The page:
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Tag: Things That Are Russian (1-8 of 8)

Lady Gaga's Russian concert promoters fined for 'propaganda of homosexuality'

It’s not all self-effacing SNL appearances and surprise H&M appearances in GagaWorld. Russian news agency RIA Novosti reports that promoters who brought the pantsless diva to St. Petersburg in 2013 have been fined for violating the nation’s controversial anti-gay law, which bans the “propaganda of nontraditional sexual relations to minors.”

Specifically, a court ruled, the concert organizers engaged in “propaganda of alcohol consumption and homosexuality,” which violates a Russian law about “protecti[ng] children from information that could harm their health or development.” The offenders were ordered to pay a fine of 20,000 rubles, or $615, on Nov. 14 when the court upheld a ruling passed in May.

The verdict comes nearly a year after Gaga’s performance — and about 15 months after St. Petersburg regional deputy Vitaly Milonov told the organizers to deny minors entry to the Gaga show. At least Gaga can take comfort in knowing she’s in good company; her sometime-rival Madonna came under similar fire during a St. Petersburg show in August 2012, when she voiced her support for the gay community. (A Russian court ultimately ruled in favor of the singer.)

Though the fine itself is nominal, The Hollywood Reporter notes that this ruling allows complaintant Nadezha Petrova — who alleged that her 13-year-old daughter “was exposed to an imitation of sexual intercourse between women and advocacy of alcohol consumption” during the Gaga show — to sue Gaga’s organizers in criminal court, possibly demanding millions of rubles in damages.

The organizers declared on Russian TV that they plan to appeal the decision.

Cher turns down Olympics gig because of Russia's anti-gay law

Cher has been a vocal gay ally for most of her decades-long career, and her latest public stance is no exception. In an interview with Canada’s MacLean’s magazine, Cher revealed that she was asked to come to Russia during next year’s Winter Olympics but declined due to the country’s recent anti-gay law.

“I can’t name names, but my friend called who is a big oligarch over there and asked me if I’d like to be an ambassador for the Olympics and open the show,” she said. “I immediately said no. I want to know why all of this gay hate just exploded over there. He said the Russian people don’t feel the way the government does.”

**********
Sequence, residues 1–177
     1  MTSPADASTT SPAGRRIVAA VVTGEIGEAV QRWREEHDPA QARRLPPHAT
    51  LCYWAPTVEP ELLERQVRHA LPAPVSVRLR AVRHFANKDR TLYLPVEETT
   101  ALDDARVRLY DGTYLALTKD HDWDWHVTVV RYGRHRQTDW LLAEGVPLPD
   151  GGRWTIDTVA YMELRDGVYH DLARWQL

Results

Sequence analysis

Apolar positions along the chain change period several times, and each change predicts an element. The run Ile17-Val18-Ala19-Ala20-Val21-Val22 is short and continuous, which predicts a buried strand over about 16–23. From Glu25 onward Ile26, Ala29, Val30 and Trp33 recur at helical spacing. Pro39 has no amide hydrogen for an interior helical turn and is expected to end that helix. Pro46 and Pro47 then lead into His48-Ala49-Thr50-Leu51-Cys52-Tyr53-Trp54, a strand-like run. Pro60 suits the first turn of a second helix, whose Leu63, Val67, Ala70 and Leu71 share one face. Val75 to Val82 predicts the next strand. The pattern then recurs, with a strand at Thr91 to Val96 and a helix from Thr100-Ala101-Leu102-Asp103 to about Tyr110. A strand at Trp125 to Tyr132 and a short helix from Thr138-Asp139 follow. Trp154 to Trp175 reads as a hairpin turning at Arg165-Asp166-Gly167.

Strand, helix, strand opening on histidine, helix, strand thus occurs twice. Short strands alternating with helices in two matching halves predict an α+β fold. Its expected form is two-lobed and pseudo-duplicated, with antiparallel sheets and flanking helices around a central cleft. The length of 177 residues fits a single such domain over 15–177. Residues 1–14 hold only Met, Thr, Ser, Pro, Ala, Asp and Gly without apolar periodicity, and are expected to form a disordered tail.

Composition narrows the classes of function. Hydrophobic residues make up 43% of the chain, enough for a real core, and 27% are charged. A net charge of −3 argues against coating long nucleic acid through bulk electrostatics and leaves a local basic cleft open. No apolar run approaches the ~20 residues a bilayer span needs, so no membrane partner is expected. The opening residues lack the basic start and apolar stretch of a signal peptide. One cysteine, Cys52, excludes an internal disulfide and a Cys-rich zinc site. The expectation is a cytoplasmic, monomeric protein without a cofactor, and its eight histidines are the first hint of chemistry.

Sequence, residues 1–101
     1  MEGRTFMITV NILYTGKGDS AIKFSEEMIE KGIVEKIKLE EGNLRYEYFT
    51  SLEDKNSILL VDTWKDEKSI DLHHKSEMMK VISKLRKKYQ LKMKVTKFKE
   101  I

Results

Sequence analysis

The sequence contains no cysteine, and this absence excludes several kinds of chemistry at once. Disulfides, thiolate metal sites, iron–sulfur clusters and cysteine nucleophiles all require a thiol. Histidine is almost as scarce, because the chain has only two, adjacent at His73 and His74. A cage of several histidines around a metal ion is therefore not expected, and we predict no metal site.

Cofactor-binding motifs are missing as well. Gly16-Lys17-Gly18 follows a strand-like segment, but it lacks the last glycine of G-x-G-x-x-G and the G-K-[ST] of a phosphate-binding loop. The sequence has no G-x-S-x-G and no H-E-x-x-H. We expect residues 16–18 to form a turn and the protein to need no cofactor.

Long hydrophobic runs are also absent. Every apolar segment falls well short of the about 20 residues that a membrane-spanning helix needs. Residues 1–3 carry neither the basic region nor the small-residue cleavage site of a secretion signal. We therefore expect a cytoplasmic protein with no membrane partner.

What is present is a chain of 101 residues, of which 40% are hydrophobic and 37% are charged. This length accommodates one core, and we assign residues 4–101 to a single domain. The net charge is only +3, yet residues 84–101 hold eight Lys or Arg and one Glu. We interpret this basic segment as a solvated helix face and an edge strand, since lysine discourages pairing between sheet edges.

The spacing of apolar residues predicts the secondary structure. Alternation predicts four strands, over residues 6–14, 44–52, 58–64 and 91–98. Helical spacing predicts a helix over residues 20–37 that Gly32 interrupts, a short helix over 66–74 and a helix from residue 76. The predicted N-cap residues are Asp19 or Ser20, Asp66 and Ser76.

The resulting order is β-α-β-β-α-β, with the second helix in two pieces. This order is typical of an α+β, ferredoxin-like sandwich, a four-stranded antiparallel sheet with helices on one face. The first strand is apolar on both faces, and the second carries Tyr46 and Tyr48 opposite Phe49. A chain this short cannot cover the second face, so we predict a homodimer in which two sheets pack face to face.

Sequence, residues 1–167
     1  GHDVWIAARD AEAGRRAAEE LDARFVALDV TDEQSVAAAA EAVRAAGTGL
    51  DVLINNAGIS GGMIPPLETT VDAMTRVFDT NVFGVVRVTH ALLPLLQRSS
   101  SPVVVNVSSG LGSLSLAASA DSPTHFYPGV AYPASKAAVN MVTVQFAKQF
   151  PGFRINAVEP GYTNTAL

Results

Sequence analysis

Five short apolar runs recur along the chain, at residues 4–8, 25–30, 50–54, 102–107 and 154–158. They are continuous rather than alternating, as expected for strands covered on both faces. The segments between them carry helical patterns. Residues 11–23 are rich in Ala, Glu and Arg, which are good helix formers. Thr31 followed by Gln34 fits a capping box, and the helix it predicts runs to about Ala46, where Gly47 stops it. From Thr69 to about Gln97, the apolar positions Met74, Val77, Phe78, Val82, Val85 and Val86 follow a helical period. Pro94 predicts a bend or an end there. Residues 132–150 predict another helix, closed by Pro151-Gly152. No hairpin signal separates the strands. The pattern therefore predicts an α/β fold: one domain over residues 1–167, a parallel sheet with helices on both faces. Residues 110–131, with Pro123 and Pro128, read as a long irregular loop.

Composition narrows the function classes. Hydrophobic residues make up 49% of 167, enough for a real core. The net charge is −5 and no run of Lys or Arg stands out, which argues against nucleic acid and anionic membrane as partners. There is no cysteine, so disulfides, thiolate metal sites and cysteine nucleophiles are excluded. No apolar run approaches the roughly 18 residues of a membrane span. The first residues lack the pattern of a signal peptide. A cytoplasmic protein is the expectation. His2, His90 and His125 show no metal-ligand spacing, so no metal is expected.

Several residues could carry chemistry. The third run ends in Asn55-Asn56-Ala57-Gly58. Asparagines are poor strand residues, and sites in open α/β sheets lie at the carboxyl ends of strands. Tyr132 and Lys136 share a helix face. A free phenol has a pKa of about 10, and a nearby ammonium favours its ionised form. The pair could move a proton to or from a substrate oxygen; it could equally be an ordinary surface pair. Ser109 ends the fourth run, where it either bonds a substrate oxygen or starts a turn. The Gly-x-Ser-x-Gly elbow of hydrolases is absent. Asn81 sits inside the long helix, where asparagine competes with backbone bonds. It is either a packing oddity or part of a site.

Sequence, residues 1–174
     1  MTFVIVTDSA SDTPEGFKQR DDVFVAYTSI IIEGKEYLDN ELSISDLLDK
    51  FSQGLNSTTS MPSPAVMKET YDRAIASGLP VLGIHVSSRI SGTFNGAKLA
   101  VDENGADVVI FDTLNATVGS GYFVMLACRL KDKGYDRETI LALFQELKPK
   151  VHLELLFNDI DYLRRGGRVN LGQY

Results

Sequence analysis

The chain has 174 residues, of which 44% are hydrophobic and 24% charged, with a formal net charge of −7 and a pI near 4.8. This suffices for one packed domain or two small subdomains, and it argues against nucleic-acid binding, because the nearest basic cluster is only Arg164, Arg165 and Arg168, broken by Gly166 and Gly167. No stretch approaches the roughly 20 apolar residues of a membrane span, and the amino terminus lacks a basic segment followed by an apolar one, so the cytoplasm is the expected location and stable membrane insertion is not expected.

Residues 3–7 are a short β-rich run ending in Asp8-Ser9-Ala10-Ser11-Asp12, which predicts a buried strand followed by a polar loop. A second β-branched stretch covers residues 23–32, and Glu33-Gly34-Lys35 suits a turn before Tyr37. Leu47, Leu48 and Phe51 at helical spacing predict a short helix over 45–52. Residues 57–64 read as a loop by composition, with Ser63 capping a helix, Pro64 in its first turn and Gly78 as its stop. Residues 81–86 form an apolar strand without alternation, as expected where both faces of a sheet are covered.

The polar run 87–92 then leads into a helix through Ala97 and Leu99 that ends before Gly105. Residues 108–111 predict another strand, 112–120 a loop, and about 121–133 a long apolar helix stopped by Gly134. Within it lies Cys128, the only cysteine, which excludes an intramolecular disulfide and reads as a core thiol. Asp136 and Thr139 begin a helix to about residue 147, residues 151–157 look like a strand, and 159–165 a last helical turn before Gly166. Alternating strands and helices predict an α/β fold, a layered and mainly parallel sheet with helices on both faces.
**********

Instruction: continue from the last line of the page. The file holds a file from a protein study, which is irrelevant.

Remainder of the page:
In July, Russia passed a controversial law that bans the public discussion or display of gay rights in front of minors. With Russia hosting the 2014 Winter Olympics, many gay-rights advocates have spoken out against the law.
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Moscow court to hear Pussy Riot appeal -- UPDATE

A Russian court is set to hear an appeal filed by three jailed members of the rock band Pussy Riot, who have been sentenced to two years for performing a “punk prayer” against President Vladimir Putin at Moscow’s main cathedral.

A day before Monday’s hearing, the Russian Orthodox Church said the rockers would deserve mercy if they offer repentance for their stunt. The move followed a statement by the Russian premier, who said that keeping them in prison any longer would be “unproductive.”

The calls reflected an apparent desire by both the government and the church to put an end to the case, which has caused international outrage. It remained unclear whether the women would offer penitence sought by the church and how much leniency a court may show. UPDATE: The hearing has been postponed until Oct. 10. Full details below. READ FULL STORY

Russian prime minister thinks keeping Pussy Riot in jail is 'unproductive'

Russian Prime Minister Dmitry Medvedev on Wednesday called for three members of the punk band Pussy Riot to be freed, a sign that the women’s release could be imminent since their case comes up for appeal on Oct. 1.

The band members were arrested for performing a raucous prayer inside Moscow’s main cathedral asking Virgin Mary to save Russia from Vladimir Putin as he headed into the election that handed him a third term as president. They had already spent more than five months in jail when they were convicted in August of “hooliganism driven by religious hatred” and sentenced to two years in prison.

By being the one to call for the women’s release, Medvedev, who has cultivated the image of a more liberal leader, could allow Putin to put the uncomfortable case behind him while not appearing weak.